Photo: Sam Cooper
Cathie Jamieson presents award to Sam Cooper.
Photo by Sam Cooper


Photo: Sam Cooper
A land acknowledgement is prominent in Meadowvale Community CRC's entrance.
Photo by Sam Cooper


Photo: Sam Cooper
The church decor included a red dress to acknowledge murdered and missing Indigenous women.
Photo by Sam Cooper


Photo: Sam Cooper
Guest singers and dancers shared their gifts with Meadowvale Community CRC.
Photo by Sam Cooper


Photo: Sam Cooper
Gary Sault, elder and storyteller, shares stories with Meadowvale Community CRC.
Photo by Sam Cooper

Pastor Sam Cooper and Meadowvale Community Christian Reformed Church in Mississauga, Ont., were honored at an event last fall for their continuing commitment to the Indigenous community on whose historic land they live and worship.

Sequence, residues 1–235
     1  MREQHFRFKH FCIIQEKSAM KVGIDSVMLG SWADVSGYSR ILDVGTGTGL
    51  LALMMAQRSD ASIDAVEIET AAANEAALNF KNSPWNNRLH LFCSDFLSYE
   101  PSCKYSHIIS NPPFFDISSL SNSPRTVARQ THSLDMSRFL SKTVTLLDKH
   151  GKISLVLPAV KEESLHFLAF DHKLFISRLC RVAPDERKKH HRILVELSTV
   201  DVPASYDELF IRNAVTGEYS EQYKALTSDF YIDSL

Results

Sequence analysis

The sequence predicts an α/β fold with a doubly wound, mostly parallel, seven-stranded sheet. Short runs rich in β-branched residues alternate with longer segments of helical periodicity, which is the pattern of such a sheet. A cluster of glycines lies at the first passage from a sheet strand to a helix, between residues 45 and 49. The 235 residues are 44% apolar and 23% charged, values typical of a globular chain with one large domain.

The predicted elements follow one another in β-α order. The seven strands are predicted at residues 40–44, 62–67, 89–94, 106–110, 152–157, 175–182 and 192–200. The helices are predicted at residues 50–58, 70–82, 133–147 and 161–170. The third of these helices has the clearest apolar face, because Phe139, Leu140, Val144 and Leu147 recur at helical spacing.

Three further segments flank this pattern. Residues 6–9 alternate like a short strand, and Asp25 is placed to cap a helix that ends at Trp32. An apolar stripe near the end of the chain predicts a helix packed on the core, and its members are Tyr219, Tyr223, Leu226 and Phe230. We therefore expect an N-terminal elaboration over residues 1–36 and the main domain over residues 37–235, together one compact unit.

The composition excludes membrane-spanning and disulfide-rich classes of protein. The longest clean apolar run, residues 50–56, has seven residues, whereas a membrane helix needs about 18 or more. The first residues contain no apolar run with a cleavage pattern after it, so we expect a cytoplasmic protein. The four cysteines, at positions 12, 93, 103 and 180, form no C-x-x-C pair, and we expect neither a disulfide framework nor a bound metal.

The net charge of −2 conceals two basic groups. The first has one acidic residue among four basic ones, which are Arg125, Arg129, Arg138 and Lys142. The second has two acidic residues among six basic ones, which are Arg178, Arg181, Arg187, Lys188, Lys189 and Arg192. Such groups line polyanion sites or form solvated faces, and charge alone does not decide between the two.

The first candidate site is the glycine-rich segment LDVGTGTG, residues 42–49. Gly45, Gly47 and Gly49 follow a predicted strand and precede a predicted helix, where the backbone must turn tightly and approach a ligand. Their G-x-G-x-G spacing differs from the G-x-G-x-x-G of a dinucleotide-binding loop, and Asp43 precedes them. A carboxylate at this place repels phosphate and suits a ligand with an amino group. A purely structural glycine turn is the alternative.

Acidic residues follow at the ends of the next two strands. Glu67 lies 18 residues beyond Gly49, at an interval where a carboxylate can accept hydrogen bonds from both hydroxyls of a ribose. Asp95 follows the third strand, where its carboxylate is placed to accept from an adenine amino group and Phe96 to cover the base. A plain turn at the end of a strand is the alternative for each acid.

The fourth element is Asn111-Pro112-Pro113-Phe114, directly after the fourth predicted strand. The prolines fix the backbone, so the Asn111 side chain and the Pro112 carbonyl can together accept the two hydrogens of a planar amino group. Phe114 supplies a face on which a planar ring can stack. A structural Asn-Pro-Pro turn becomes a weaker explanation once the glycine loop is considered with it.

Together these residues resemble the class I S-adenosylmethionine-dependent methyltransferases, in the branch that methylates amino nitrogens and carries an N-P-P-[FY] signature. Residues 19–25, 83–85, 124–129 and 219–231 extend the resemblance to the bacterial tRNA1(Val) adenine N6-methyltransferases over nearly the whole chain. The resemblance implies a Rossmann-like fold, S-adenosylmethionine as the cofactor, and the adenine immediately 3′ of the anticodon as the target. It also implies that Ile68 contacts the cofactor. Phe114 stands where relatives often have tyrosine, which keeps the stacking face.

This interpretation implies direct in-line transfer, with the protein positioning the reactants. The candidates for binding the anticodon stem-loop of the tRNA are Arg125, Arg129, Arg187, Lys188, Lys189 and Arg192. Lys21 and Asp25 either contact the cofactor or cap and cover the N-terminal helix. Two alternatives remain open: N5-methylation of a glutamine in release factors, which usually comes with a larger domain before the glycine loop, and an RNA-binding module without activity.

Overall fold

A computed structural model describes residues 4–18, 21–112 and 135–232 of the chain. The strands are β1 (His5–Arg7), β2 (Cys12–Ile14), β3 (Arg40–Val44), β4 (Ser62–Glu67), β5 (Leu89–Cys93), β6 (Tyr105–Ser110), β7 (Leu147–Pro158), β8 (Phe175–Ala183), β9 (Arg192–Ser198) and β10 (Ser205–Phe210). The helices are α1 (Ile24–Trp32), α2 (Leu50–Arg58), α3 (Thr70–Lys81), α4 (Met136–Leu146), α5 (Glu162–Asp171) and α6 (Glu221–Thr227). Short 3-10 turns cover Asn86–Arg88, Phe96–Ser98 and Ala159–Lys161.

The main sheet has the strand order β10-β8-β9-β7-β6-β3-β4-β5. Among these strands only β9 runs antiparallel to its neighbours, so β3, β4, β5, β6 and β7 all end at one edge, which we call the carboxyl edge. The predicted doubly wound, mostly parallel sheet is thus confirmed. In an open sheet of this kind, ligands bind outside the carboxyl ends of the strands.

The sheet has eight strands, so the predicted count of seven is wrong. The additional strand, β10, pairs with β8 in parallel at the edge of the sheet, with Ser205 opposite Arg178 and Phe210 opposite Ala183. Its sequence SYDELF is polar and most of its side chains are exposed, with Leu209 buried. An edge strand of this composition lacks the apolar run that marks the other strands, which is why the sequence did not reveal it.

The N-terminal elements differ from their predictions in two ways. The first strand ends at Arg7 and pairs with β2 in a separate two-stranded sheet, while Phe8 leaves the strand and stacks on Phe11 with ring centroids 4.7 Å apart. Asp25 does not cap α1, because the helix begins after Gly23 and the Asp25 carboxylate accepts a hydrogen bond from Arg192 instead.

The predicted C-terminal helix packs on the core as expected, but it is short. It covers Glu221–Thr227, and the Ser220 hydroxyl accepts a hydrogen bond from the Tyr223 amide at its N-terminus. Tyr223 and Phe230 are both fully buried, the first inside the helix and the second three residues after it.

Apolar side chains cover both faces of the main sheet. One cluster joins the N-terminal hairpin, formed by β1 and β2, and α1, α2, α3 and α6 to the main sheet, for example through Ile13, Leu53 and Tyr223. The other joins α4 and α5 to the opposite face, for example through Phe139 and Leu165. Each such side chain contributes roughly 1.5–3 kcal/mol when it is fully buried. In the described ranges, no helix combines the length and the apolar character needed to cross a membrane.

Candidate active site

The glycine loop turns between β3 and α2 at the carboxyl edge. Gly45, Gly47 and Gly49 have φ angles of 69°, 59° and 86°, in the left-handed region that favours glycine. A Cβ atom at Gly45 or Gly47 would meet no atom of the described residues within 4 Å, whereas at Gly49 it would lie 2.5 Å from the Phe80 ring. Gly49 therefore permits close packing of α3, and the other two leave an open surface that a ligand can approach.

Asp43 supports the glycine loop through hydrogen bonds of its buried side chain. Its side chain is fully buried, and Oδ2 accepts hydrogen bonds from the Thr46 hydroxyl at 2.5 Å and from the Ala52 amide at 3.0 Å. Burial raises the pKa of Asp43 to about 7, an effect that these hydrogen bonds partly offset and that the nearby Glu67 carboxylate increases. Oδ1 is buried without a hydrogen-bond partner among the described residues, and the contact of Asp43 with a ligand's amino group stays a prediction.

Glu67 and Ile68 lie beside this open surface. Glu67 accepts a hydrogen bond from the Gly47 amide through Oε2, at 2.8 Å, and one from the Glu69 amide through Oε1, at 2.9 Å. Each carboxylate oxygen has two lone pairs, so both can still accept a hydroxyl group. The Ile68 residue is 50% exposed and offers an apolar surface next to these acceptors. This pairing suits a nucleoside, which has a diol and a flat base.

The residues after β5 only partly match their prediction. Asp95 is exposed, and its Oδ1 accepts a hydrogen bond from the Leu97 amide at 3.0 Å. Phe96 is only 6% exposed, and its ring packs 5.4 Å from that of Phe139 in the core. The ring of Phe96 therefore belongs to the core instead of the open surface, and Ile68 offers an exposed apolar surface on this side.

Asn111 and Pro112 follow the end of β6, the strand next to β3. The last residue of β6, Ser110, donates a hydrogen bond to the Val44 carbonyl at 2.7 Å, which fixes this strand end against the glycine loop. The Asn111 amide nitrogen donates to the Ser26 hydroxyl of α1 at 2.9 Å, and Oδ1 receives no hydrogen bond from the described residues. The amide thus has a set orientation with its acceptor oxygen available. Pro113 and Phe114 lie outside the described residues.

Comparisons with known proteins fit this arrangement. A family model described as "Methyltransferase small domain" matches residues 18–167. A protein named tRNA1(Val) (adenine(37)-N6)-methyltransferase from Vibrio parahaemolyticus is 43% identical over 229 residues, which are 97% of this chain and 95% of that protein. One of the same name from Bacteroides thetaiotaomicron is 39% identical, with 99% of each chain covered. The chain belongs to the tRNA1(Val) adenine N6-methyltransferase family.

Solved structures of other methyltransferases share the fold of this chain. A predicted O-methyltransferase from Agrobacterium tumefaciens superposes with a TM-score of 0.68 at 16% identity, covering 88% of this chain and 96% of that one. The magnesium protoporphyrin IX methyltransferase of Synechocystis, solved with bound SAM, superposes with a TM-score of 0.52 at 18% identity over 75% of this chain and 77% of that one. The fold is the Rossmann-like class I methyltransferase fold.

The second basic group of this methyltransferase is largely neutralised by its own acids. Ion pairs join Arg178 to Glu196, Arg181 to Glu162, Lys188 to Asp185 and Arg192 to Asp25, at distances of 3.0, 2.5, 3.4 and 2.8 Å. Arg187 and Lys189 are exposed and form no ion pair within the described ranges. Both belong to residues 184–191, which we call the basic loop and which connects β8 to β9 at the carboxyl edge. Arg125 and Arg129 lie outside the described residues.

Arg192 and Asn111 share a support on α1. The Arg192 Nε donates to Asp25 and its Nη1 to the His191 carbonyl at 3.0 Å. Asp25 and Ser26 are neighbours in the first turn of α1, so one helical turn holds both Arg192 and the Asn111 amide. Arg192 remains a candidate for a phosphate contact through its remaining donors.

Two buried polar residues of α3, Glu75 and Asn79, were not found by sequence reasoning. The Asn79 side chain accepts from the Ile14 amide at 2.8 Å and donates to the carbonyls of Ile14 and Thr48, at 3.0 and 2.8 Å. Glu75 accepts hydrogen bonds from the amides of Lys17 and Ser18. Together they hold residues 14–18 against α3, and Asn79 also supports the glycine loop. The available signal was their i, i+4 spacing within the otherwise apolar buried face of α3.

The award was presented to Cooper by the Mississaugas of the Credit First Nation band councillor, Cathie Jamieson, as part of Heritage Mississauga’s The Credits awards evening Nov. 8, 2019. The gala is held each year to celebrate members of the Mississauga community for their contributions and achievements in community heritage.

As noted in the program for the event, the Mississaugas of the Credit Cultural and Heritage Award is sponsored by the Mississaugas of the Credit First Nation, and “is presented to a member from any community who has demonstrated a commitment to awareness and preservation of the Mississaugas of the Credit culture, traditions, community, and heritage.”

The church’s relationship with the Mississaugas of the Credit First Nation has its roots in a 1994 church renewal movement in Mississauga, Ont., that saw pastors and church leaders coming together to learn about and bless their communities. In researching Mississauga, a community on the western side of the Greater Toronto Area, they discovered serious offenses against Indigenous peoples in the area’s history. They also learned that the city’s name had come from the local First Nation, the Mississaugas of the Credit.